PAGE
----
The Walking Dead: World Beyond, a two-season limited event series originally scheduled to premiere following The Walking Dead Season 10 finale on Sunday, April 12, is moving its premiere date on AMC to later this year. The delay comes one week after AMC pushed back physical production on The Walking Dead Season 11 and put a one-month pause on production on the sixth season of spinoff Fear the Walking Dead — which was months into filming in Austin, Texas — amid coronavirus concerns. AMC has not yet disclosed a new premiere date for the Walking Dead limited series created by TWD chief content officer Scott Gimple and Matt Negrete.
This new series taking place a decade into The Walking Dead Universe stars Aliyah Royale, Alexa Mansour, Annet Mahendru, Nicolas Cantu, Hal Cumpston, Nico Tortorella and Julia Ormond. Produced and distributed by AMC Studios, the series is executive produced by Gimple, Negrete, The Walking Dead creator Robert Kirkman, Gale Anne Hurd, David Alpert and Brian Bockrath.
"The Walking Dead: World Beyond expands the universe of The Walking Dead, delving into a new mythology and story that follows the first generation raised in a surviving civilization of the post-apocalyptic world," reads its official synopsis. "Two sisters along with two friends leave a place of safety and comfort to brave dangers, known and unknown, living and undead on an important quest. Pursued by those who wish to protect them and those who wish to harm them, a tale of growing up and transformation unfurls across dangerous terrain, challenging everything they know about the world, themselves and each other. Some will become heroes. Some will become villains. But all of them will find the truths they seek."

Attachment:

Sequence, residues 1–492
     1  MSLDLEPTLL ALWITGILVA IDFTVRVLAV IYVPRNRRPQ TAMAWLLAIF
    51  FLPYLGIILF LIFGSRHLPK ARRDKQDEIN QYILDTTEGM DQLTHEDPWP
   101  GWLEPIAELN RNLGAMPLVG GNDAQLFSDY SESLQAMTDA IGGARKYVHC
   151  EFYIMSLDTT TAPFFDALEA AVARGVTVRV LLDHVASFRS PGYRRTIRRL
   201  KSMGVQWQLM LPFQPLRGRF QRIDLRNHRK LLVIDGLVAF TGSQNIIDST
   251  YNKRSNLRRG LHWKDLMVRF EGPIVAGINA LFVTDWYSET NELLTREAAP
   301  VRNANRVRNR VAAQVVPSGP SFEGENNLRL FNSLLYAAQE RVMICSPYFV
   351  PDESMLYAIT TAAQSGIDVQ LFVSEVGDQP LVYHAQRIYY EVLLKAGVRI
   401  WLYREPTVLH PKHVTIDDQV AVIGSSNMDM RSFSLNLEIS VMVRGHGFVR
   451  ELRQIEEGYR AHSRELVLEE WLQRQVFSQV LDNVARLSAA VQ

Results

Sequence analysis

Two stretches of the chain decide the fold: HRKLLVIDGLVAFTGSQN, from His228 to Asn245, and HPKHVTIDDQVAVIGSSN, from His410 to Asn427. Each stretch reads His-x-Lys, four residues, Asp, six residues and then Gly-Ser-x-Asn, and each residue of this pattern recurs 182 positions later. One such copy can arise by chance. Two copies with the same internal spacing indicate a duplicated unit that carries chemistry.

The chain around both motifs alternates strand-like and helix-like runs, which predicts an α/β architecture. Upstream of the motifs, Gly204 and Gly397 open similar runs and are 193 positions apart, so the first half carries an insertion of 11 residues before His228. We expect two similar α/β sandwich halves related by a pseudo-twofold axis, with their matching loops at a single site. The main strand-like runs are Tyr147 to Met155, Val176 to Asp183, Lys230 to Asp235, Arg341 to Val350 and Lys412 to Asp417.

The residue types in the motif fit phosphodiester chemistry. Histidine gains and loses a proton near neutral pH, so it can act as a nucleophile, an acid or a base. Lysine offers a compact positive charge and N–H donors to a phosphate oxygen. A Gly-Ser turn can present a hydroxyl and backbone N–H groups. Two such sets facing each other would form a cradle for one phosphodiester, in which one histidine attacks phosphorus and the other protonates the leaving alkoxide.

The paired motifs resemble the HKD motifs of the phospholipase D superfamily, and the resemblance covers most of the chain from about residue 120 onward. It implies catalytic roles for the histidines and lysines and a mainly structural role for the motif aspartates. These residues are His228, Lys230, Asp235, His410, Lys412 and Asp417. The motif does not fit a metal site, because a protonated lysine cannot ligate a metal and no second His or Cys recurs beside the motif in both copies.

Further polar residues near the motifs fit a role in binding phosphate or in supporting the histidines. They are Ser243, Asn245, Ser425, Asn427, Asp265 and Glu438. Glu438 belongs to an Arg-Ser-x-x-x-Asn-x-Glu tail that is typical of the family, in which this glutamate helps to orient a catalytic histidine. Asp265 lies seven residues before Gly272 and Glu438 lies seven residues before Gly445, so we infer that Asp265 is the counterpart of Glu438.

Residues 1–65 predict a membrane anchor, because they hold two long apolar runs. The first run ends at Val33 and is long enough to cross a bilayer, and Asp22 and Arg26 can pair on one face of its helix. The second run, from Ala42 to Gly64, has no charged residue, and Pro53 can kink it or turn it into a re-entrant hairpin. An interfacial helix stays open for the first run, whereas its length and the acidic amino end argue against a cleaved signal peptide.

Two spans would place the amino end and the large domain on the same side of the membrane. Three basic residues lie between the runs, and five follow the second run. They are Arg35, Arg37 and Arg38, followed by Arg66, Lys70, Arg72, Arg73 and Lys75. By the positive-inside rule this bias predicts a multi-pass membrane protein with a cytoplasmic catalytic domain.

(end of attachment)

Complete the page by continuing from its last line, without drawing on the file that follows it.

"You see opportunities to tie things between the shows and within the universe. You also are like, 'Whoa, look out, they're doing this on the other show, so you might want to back off of that,'" Gimple previously told ComicBook.com of expanding the franchise with World Beyond and a feature film trilogy starring Andrew Lincoln's Rick Grimes. "You're also looking for differentiation, and telling really different stories, and the shows take different types of chances, and I think it allows for a varied universe."
"I think that if somebody watches the other Walking Dead shows and expect it to be exactly like The Walking Dead, that's not going to happen," Gimple added. "The Walking Dead is The Walking Dead. They're the anchor and the other shows provide different things, different stories, different perspectives."